How to Create an FAQ that Works
I have come to suspect that most “Frequently Asked Questions” were never asked by anyone. I’ve witnessed the creation of many FAQs, and I can recognize the results of the typical process:
People are sitting around a big table in a conference room, trying to look interested, 40 minutes into a meeting. Someone says:
“We need to have a page to point them to, if they have questions.”
A second person says
“What questions do they have?”
Just kidding. Nobody says that. The second person says something that amounts to
“What do we want to tell them? We can work backward from there, and contrive some questions that feature our favorite jargon—without ever actually having to speak to a potential user.”
Real questions come in, but nobody puts those in the FAQ, and maybe nobody updates the FAQ at all.
Or, worse: They update the FAQ with by copy-pasting everything that comes in, creating a dump of un-edited, un-indexed information. People have to read it top-to-bottom to see if anything looks similar to their own question. If they try to search, the oddities of phrasing and word choice mean that nothing matches, until they pick words that make everything match.
This “Find A Question” FAQ approach happens when the team (usually without a writer) says
“Punt! I don’t want to sort through all this information, creating structure, navigation, or indexing. I don’t want to categorize this, or consider where the answer might apply to a broader audience, or what audiences we have, or basically do anything more than set out a garbage can for people to dig through and try to cobble together an answer that nearly works from a pile of misfit pieces. We’re required to have support, so there! We’re done.”
That’s why many FAQs don’t work.
Here are some guidelines for making an FAQ that does work.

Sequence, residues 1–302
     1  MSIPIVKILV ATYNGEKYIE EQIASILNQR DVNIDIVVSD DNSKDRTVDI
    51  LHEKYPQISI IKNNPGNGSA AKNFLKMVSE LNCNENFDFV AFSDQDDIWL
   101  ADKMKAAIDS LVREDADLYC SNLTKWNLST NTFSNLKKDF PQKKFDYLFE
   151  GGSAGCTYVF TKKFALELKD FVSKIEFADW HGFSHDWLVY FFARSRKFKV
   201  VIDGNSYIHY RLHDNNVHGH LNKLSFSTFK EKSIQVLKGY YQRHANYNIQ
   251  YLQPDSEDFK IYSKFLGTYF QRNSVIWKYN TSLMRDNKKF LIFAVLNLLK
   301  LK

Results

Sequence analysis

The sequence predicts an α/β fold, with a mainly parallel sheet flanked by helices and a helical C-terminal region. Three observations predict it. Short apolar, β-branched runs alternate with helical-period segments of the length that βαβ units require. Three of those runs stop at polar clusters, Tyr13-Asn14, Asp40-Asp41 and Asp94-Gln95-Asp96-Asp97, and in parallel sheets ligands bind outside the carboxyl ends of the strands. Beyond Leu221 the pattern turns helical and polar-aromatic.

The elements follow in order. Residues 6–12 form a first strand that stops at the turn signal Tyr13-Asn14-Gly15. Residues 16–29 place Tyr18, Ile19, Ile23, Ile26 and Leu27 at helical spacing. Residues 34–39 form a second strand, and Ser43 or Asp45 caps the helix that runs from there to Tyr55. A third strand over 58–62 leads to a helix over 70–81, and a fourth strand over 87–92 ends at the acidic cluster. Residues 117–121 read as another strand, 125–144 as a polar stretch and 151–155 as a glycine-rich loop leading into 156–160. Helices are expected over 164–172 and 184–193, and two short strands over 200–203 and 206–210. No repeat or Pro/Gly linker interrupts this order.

Your FAQ needs to reflect the perspective and terms that are most familiar to your audience—not you or your experts. Say it out loud: “What’s it like for them?” Re-phrase questions and answers so that they are clearer, and include context if necessary. And, of course, address the questions that are really most common for your audience. If you’re starting with a new product, survey your likely audience for starter questions.
Imagine you’re a typical person looking for an answer. You see an FAQ. Is your question there? How do you know? You have to read it. Every question. As I’ve said, trying to search an FAQ for a term is always a fuzzy mess. What if there are 40 questions, and yours isn’t there? Anger. So I say an FAQ should only be the “10 most frequently asked questions.” It should be short and scan-able, like the “first line of defense” that catches the most common questions and lets other questions quickly move on to your support navigation menu. If you have more questions, at least break them into categories to guide users. But better yet:
An FAQ needs to be backed up by more complete structured support information, with effective navigation. Offering an FAQ as your only support is like giving people a map that onnly shows interstates. In fact, the “answers” in your FAQ should link to the appropriate topic in the support info, so that people can follow the breadcrumbs or other context links there to find related info. That also makes it easier to update the answer in one place later…
… because your answers will change. Or, they probably should. You should refine them as you learn more about your audience. You should also revise the questions in your FAQ if/as other questions come in more often. You should definitely check for and remove information that’s outdated. Outdated information is worse than no information.
To sum it up:
An FAQ is a communication tool, with a real live audience that may be halfway to frustrated when they get to the communication party. An FAQ can be an effective tool if it’s used effectively. It can also be a weak excuse for “support” that really wastes a lot of people’s tie and leaves you wondering “Why did everybody leave my communication party?”